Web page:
“The distractions from the family and trying to accommodate (people), it’s just not going to be there because it’s more difficult to get people over there, more expensive,” he said. “I’m looking forward to the opportunity, if I’m selected. It’s going to be a lot of time with your teammates.”
Bigger Ice Isn’t That Big of a Deal
This topic came up a lot on Monday, making the difference between NHL and international ice seem much larger than just 15 feet. Surprisingly, some players are looking forward to playing on the larger ice surface.
“We watched a little video today and I got excited to maybe have the opportunity to be on the big ice,” Phoenix defenseman Keith Yandle said. “I’d say probably my best strength is my skating and being able to skate out of trouble. With a big rink, you can do that.”
Ottawa forward Bobby Ryan, who played in Sweden during last year’s lockout, agreed.
“I was pretty comfortable and I actually enjoyed it,” he said, admitting that there are drastic differences in shooting angles for a winger. “There’s a little room to skate and beat guys one-on-one, things like that.”
It could take time to adjust to different positioning and a more patient style of play, and time is the one thing that no team comprised mainly of NHL players has. After orientation, the next time the American team meets will be about 36 hours before the start of the tournament.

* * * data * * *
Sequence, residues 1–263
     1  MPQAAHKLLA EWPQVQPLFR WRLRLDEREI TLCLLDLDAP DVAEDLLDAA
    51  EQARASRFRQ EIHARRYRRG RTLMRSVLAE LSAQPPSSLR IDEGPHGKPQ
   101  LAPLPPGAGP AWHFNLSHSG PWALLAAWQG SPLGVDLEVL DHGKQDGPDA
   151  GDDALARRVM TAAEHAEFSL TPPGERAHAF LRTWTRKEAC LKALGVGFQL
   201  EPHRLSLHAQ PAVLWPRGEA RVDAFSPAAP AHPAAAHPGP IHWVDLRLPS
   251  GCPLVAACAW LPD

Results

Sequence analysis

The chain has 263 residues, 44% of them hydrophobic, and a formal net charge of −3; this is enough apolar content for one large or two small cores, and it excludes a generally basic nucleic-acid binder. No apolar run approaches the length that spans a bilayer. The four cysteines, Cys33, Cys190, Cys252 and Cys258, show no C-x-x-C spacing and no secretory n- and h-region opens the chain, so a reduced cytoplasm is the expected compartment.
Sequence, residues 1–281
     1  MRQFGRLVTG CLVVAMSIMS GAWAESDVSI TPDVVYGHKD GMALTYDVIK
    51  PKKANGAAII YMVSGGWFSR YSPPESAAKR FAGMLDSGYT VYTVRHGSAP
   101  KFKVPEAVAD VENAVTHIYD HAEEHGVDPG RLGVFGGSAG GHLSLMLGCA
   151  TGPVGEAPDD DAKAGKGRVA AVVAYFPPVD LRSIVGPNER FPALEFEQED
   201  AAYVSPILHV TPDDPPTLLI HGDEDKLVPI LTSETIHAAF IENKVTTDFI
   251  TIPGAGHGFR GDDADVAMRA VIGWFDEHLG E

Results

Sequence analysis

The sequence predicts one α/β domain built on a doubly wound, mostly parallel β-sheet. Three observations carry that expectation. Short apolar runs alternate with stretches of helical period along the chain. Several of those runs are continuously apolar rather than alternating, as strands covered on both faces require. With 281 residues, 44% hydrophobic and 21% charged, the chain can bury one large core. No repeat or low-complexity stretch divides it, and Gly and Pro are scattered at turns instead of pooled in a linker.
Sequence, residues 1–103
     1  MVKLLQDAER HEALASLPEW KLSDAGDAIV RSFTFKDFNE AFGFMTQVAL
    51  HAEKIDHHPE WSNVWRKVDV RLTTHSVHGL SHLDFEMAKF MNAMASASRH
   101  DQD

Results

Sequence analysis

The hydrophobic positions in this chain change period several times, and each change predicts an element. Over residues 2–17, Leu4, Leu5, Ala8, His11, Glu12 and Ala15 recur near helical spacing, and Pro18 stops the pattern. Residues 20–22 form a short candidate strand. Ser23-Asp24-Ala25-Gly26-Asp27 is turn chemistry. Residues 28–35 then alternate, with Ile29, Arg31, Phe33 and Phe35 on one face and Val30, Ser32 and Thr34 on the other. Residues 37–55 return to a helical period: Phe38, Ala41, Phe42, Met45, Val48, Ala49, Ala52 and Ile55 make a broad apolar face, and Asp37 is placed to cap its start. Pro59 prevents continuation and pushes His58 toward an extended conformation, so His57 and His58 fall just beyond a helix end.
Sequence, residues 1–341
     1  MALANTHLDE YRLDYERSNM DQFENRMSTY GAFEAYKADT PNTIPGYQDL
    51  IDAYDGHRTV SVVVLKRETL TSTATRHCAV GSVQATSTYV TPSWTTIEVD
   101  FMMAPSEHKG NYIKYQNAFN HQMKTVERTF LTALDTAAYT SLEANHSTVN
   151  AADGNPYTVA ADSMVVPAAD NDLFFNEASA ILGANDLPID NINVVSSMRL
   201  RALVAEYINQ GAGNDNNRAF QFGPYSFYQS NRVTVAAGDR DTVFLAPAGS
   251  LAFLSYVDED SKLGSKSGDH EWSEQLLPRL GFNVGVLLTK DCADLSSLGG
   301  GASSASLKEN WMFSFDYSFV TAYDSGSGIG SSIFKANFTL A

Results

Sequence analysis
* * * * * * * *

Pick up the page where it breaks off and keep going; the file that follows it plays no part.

Despite these challenges, Poile insisted that the size of the ice is not going to make or break Team USA’s chances.
“I don’t want to overplay this as a huge, huge factor,” Poile said. “It’s something that you have to adapt to. The coaches are on to it. It’s not going to be a factor of why we win or we don’t win. “
Miller Has Unfinished Business
While the competition for the three goaltending spots, let alone the starting position, will be steep, 2010 starter Ryan Miller may have some extra motivation.
“I haven’t come to terms (with winning silver in Vancouver),” he said. “We went there to win.“
Miller described the experience as disappointing and bittersweet. While it’s not something he wants to revisit, Canada’s game-winning goal is still fresh in his mind.
“It’s not something I want to just beat myself up about,” he said of Sidney Crosby’s golden goal. “I played the tournament aggressively. I saw an opportunity where, he obviously didn’t mishandle the puck, but the puck came into his skates on a pass. I thought he was going to change his angle and he didn’t…It went into the net and no one feels worse than I did.”